In a pan (my grandmother's rice pot lid would not fit if you hammered it down), burn slices of garlic in a little olive oil. A microsecond before they become charcoal, add X glasses of rice. Stir to mix the charcoal and add 1.5X glasses of water. It will sizzle and thereby impress children and dates/imminent one-night stands. Keep the burn up until it boils, add salt, lower flame to simmer, cover, go play Halo 2 (it reminds my grandmother of her youth). When it has soaked up the water (15 minutes later) put out flame, uncover and let sit for 5 more minutes before putting a fried egg and some tomato sauce on top.

I find that with the rice in this here parts I need to put more water, and it's still not granny's white rice. But then again, it is also missing the congealed pork fat and the side of sautéed baby eels.

Posted by Juan Leon at December 17, 2004 02:00 AM

You fancy ass people and your fancy ass rice recipes. Sheesh.

Having been duely smacked down, I did want make one last point.

Generally a rice cooker seems to me to want less water than cooking on the stove. This might account for Doug's glue issues.
You also have to wait 10-15min after the thing pops to actually open it up. I forgot that.

I've never had trouble cleaning my cooker. Not sure why. Maybe I'm just used to the suffering.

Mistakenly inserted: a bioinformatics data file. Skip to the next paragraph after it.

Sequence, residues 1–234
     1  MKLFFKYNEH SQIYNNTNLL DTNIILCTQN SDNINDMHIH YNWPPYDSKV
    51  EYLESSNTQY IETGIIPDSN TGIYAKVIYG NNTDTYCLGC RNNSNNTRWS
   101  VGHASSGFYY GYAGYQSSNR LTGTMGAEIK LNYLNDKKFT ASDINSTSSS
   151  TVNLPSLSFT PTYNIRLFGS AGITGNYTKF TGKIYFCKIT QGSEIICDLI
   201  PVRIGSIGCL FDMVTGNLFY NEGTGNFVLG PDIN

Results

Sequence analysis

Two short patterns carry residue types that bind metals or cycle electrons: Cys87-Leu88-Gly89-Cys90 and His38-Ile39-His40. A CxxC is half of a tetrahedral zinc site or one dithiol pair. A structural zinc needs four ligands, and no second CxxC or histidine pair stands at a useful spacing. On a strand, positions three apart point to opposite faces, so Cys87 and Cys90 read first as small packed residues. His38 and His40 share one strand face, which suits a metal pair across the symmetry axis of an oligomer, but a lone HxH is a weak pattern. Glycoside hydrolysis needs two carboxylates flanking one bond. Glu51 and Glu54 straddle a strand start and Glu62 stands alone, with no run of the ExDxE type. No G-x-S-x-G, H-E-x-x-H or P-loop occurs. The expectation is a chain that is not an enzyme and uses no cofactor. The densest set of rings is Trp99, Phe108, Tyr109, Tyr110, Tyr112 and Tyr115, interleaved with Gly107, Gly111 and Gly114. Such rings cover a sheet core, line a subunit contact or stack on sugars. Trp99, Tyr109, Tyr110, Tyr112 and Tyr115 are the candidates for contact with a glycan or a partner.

Posted by psu at December 17, 2004 09:42 AM

Doug, Juan, I love you like brothers, but you are both utterly and didactically WRONG. Your rice-snob license is hereby REVOKED.

The issue is not that a rice cooker is better at applying heat to a pan containing some rice and water than a traditional pan on the stove (although it is). The issue is that a rice cooker is better at ceasing to apply heat when the rice is done. Your silly little directions for "cooking" rice are all well and fine, but I will hold you -- each of you -- personally responsible for every young child brutally killed, and every pot and pan ruined, by forgot-to-turn-off-the-rice industrial kitchen accidents. Maybe with your eidetic memories and huge manhoods YOU never forget to turn the rice off in time to save your thin and bitter gruel, but often I'm too busy making the rest of the meal to be bothered with things that the ($20) robots can do for me.

My rice cooker is easier to clean than any of my pots. Next time don't buy the one made from flypaper.

Posted by peterb at December 17, 2004 01:14 PM

i used another rice cooker last week. one cup water, one cup (minus a tiny bit) of rice. still didn't turn out as good as pan rice. so i'm incompetent when it comes to rice cookers. i also cannot for the life of me figure out how to make chili without burning the bottom inch.

if i'm putting children at risk by simmering the rice, i should probably be rightly accused of attempted premeditated murder every time i boil beans or whip up stock. and to think of pan-smoked meats....

Posted by doug luce at February 16, 2005 03:03 AM

I find that jasmine rice usually cooks better in a rice cooker. Basmati rice(and other long grains variety)cooks better in a pan. Similarly, cooking risotto(arborio rice)in a rice cook doesn't work very well either.

Posted by FTsui at March 25, 2005 07:35 PM